He was also a former journalist whose views on immigration have been heavily criticised in the past.  

This appointment is worrying for two reasons. Firstly it gives a very clear sign of what direction the government wants regulation to go. Banking after all has been one of the loudest voices against any form of effective regulation, and his close links to a number of current cabinet ministers shows that there is no way he can be seen as independent from Government. This is particularly concerning given that the RPC should have a major role in reviewing all regulations in the run-up to Brexit when we need some kind of independent overview of all the impact assessments that will have to be produced over the coming months and years.

Secondly it is yet another example of how the Government is using the public appointments process to install their cronies into important positions.

This started in earnest in 2012 when David Cameron decided to take a much more “hands-on” approach to public appointments. He appointed an adviser on public appointments who had a Conservative background and encouraged Secretaries of State to be much more involved at every stage of competitions, including scrutinising shortlists. The Cabinet Office also started scrutinising these appointments.

According to the former Commissioner for Public AppointmentsOver the following three years there was an upsurge in ministerial activism: objecting to the composition of panels; putting pressure on civil servants on panels to support the minister’s candidates; insisting that Conservative supporters should sit on panels, even sometimes as the independent member; demanding that panels put their favoured candidates on shortlists or even on the final list of appointable candidates; and refusing to appoint for weeks, even months, when the panel had not recommended their favoured candidate.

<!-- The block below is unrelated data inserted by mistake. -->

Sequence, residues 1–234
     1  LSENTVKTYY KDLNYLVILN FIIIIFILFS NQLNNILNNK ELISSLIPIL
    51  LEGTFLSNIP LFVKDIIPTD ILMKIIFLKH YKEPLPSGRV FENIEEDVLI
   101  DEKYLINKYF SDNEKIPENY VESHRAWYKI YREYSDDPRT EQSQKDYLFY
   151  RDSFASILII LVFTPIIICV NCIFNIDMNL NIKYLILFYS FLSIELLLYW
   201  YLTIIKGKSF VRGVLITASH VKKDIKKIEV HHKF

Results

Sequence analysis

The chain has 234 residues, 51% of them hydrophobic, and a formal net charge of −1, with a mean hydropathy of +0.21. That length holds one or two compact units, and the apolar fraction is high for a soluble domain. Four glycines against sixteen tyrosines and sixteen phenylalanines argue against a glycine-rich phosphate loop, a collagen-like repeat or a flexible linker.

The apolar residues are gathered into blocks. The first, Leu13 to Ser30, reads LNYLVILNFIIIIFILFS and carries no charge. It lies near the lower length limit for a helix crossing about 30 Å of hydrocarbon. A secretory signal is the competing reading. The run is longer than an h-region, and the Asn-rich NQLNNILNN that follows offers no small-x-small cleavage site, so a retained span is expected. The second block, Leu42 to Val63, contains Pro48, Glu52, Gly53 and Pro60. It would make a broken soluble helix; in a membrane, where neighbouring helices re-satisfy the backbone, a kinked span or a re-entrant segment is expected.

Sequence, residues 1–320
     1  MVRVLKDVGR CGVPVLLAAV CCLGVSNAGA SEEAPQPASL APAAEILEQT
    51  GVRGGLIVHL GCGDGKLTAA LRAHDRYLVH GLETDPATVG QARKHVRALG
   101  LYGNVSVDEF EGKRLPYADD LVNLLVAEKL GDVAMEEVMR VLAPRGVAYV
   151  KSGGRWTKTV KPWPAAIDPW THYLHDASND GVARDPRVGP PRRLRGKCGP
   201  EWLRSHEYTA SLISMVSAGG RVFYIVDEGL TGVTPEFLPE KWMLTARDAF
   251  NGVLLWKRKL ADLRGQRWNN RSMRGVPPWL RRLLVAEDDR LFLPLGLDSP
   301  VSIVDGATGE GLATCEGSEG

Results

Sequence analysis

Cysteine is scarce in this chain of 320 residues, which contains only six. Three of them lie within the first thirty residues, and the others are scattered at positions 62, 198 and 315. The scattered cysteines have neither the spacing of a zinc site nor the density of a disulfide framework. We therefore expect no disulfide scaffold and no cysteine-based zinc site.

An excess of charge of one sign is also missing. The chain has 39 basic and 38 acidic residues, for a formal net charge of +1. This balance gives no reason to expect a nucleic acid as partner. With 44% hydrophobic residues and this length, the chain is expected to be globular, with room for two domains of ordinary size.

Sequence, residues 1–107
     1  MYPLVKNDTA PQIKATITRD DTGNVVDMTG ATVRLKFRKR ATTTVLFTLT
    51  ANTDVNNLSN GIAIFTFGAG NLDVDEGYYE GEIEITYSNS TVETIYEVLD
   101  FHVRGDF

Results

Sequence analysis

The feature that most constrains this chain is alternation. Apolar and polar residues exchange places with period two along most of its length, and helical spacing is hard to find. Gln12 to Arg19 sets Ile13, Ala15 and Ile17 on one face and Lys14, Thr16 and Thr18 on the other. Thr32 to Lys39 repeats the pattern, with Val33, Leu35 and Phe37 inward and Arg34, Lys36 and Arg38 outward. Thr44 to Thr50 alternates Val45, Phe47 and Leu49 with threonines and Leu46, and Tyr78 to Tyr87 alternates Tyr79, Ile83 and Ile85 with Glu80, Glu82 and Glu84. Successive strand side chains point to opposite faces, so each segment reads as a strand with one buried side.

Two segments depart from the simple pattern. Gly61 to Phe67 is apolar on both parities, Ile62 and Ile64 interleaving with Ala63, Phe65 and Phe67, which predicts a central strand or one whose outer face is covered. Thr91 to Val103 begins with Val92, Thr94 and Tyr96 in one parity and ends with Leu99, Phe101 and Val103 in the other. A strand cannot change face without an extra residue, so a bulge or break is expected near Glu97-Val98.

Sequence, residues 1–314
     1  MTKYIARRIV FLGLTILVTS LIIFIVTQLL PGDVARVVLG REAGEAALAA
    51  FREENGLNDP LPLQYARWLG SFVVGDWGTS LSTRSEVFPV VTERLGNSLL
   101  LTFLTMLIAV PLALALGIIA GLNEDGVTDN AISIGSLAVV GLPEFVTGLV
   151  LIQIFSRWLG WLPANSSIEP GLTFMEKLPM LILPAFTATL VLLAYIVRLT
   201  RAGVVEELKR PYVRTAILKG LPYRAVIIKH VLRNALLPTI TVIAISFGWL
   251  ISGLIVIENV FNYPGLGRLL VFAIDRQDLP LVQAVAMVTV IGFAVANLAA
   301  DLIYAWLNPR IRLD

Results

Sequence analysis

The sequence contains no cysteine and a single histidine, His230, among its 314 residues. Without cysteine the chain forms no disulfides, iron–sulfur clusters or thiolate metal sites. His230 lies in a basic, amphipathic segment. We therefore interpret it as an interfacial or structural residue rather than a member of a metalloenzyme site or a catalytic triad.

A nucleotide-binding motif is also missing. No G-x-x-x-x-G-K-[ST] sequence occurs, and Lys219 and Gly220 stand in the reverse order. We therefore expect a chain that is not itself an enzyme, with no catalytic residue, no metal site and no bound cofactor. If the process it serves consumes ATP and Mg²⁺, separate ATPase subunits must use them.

This has led to some bizarre appointments, such as an employer being appointed to represent workers on the HSE board.

But they then went even further. At the end of last year, in a further change that was almost unnoticed, they made further changes which made it even easier for Ministers to choose who they wanted to appoint by allowing them greater control over who is on the appointments panels and also ensuring that they have a choice of candidates recommended so that they can decide which to pick. They can even decide to ignore the decision altogether.

The whole process stinks. It is basically a power grab that allows the Government to claim that appointments are independent when in actual fact ministers are just hand-picking people that they know will be unlikely to challenge their policies or rock the boat. We have already seen it with a number of chairs of public bodies not being reappointed or people like bankers being appointed (such as the BBC board) and candidates even being openly rejected.

Perhaps we should not be surprised at this, but this is more than just jobs for the (usually) boys – it is an affront to everything that these public bodies should stand for, which is integrity and independence.